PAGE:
Much research has focused on the PI3-kinase and PTEN signaling pathway with the aim to stimulate repair of the injured central nervous system. Axons in the central nervous system fail to regenerate, meaning that injuries or diseases that cause loss of axonal connectivity have life-changing consequences. In 2008, genetic deletion of PTEN was identified as a means of stimulating robust regeneration in the optic nerve. PTEN is a phosphatase that opposes the actions of PI3-kinase, a family of enzymes that function to generate the membrane phospholipid PIP3 from PIP2 (phosphatidylinositol (3,4,5)-trisphosphate from phosphatidylinositol (4,5)-bisphosphate). Deletion of PTEN therefore allows elevated signaling downstream of PI3-kinase, and was initially demonstrated to promote axon regeneration by signaling through mTOR. More recently, additional mechanisms have been identified that contribute to the neuron-intrinsic control of regenerative ability. This review describes neuronal signaling pathways downstream of PI3-kinase and PIP3, and considers them in relation to both developmental and regenerative axon growth. We briefly discuss the key neuron-intrinsic mechanisms that govern regenerative ability, and describe how these are affected by signaling through PI3-kinase. We highlight the recent finding of a developmental decline in the generation of PIP3 as a key reason for regenerative failure, and summarize the studies that target an increase in signaling downstream of PI3-kinase to facilitate regeneration in the adult central nervous system. Finally, we discuss obstacles that remain to be overcome in order to generate a robust strategy for repairing the injured central nervous system through manipulation of PI3-kinase signaling.
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Microglial voltage-gated proton channel Hv1 in spinal cord injury p. 1183
Jiaying Zheng, Madhuvika Murugan, Lingxiao Wang, Long-Jun Wu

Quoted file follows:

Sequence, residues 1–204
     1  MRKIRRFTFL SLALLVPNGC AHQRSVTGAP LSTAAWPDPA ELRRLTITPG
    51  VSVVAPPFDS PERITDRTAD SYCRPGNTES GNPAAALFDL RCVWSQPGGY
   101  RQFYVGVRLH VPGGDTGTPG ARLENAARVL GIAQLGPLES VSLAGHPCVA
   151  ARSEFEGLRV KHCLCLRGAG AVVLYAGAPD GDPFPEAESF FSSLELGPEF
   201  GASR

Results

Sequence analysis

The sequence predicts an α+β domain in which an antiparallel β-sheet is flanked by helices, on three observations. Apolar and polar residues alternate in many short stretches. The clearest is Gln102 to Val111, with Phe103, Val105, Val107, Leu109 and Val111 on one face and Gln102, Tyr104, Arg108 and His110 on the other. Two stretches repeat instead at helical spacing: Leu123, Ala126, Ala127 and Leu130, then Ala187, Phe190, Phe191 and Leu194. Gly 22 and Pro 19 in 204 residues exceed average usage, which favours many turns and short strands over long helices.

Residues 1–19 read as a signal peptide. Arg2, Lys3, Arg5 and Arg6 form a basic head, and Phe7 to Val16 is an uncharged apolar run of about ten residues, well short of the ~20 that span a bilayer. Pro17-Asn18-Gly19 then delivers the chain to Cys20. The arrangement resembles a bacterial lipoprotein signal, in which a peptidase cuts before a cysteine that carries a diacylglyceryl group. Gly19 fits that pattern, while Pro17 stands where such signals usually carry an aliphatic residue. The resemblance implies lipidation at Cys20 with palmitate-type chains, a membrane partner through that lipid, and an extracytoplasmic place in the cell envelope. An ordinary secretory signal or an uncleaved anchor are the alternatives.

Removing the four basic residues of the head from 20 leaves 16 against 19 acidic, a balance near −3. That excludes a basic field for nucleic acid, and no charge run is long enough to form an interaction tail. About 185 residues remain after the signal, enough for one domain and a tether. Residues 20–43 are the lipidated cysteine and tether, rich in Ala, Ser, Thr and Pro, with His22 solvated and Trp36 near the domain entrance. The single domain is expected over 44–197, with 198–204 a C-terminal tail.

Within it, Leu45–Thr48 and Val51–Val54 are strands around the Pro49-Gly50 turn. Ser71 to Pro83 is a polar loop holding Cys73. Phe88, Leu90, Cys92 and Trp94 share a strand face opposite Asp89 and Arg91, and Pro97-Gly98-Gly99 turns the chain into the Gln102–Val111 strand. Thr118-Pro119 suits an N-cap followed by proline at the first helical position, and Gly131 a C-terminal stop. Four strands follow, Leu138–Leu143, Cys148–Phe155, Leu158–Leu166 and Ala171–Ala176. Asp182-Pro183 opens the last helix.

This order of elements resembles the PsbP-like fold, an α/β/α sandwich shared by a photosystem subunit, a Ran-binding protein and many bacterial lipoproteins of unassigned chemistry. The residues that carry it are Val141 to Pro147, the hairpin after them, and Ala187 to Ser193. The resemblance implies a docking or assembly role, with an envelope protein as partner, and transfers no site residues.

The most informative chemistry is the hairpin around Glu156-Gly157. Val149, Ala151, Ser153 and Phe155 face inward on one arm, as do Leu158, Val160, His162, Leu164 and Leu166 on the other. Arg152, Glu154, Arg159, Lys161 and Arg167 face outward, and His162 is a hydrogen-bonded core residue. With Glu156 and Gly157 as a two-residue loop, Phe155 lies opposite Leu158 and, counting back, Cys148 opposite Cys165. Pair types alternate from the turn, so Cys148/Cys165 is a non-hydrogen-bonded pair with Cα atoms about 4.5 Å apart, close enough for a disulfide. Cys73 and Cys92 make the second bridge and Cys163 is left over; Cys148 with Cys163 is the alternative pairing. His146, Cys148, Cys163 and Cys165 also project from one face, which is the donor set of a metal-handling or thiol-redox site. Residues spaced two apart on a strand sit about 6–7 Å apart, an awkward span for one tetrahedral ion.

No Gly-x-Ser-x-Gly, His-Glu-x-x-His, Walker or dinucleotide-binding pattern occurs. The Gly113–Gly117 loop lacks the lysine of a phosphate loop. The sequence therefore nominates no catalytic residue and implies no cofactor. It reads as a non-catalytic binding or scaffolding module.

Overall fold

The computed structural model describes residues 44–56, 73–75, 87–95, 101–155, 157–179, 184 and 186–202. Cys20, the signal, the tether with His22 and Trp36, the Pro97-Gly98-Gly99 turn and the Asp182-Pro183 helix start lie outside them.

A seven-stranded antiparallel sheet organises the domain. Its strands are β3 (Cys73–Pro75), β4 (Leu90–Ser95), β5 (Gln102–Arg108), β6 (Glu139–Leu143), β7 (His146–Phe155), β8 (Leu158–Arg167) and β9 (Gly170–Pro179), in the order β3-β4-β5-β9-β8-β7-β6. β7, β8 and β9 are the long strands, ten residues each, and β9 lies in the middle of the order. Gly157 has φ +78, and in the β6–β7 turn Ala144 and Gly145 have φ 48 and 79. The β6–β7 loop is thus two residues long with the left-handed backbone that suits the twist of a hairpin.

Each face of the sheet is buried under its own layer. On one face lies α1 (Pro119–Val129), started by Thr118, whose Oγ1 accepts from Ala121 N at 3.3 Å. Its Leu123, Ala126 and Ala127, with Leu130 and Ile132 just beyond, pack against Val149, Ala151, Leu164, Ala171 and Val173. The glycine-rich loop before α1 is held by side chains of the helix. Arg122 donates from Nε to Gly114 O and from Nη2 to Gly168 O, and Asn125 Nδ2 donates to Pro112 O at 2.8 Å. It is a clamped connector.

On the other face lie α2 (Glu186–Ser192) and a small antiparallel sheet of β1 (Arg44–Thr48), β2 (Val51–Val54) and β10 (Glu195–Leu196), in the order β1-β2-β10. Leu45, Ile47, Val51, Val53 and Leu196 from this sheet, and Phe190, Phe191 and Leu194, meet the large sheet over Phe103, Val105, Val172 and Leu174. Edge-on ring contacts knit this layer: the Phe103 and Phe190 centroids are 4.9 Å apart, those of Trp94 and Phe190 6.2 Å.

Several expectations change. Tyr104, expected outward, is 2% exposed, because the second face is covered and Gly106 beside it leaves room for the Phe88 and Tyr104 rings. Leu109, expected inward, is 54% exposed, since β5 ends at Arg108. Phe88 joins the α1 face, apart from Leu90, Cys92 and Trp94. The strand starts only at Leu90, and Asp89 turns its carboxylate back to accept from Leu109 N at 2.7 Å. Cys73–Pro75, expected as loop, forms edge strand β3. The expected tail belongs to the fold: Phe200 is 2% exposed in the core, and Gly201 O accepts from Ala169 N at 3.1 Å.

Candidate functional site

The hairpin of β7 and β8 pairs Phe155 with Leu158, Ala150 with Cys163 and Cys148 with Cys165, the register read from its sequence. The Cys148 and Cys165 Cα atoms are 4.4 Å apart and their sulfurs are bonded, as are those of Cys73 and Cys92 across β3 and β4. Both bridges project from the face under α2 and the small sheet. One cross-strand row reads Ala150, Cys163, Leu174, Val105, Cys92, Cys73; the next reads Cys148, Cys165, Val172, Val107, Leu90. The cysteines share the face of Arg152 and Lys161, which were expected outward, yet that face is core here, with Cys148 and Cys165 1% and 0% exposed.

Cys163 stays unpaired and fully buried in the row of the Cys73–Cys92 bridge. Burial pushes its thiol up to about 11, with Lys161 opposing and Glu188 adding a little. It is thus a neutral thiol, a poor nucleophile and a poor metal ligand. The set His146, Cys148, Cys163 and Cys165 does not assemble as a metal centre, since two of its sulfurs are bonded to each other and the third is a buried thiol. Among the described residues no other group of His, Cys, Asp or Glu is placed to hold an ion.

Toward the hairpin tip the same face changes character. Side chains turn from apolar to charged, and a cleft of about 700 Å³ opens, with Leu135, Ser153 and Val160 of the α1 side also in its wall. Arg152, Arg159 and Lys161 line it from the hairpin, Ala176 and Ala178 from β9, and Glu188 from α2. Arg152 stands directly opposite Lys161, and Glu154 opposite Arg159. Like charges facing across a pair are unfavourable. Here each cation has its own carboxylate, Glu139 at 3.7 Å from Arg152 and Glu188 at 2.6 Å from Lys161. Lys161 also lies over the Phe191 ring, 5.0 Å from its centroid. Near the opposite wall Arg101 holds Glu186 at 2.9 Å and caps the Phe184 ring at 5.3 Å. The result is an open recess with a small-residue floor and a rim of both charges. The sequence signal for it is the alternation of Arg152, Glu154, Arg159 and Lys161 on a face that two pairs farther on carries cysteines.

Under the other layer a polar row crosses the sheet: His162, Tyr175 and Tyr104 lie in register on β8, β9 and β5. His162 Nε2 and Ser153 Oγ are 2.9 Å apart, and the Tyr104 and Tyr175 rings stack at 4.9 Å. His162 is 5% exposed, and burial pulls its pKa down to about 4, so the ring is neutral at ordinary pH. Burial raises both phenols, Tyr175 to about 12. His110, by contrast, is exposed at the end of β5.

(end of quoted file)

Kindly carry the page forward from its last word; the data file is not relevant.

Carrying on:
DOI:10.4103/1673-5374.327325  PMID:34782552
After spinal cord injury, microglia as the first responders to the lesion display both beneficial and detrimental characteristics. Activated microglia phagocyte and eliminate cell debris, release cytokines to recruit peripheral immune cells to the injury site. Excessively activated microglia can aggravate the secondary damage by producing extravagant reactive oxygen species and pro-inflammatory cytokines. Recent studies demonstrated that the voltage-gated proton channel Hv1 is selectively expressed in microglia and regulates microglial activation upon injury. In mouse models of spinal cord injury, Hv1 deficiency ameliorates microglia activation, resulting in alleviated production of reactive oxygen species and pro-inflammatory cytokines. The reduced secondary damage subsequently decreases neuronal loss and correlates with improved locomotor recovery. This review provides a brief historical perspective of advances in investigating voltage-gated proton channel Hv1 and home in on microglial Hv1. We discuss recent studies on the roles of Hv1 activation in pathophysiological activities of microglia, such as production of NOX-dependent reactive oxygen species, microglia polarization, and tissue acidosis, particularly in the context of spinal cord injury. Further, we highlight the rationale for targeting Hv1 for the treatment of spinal cord injury and related disorders.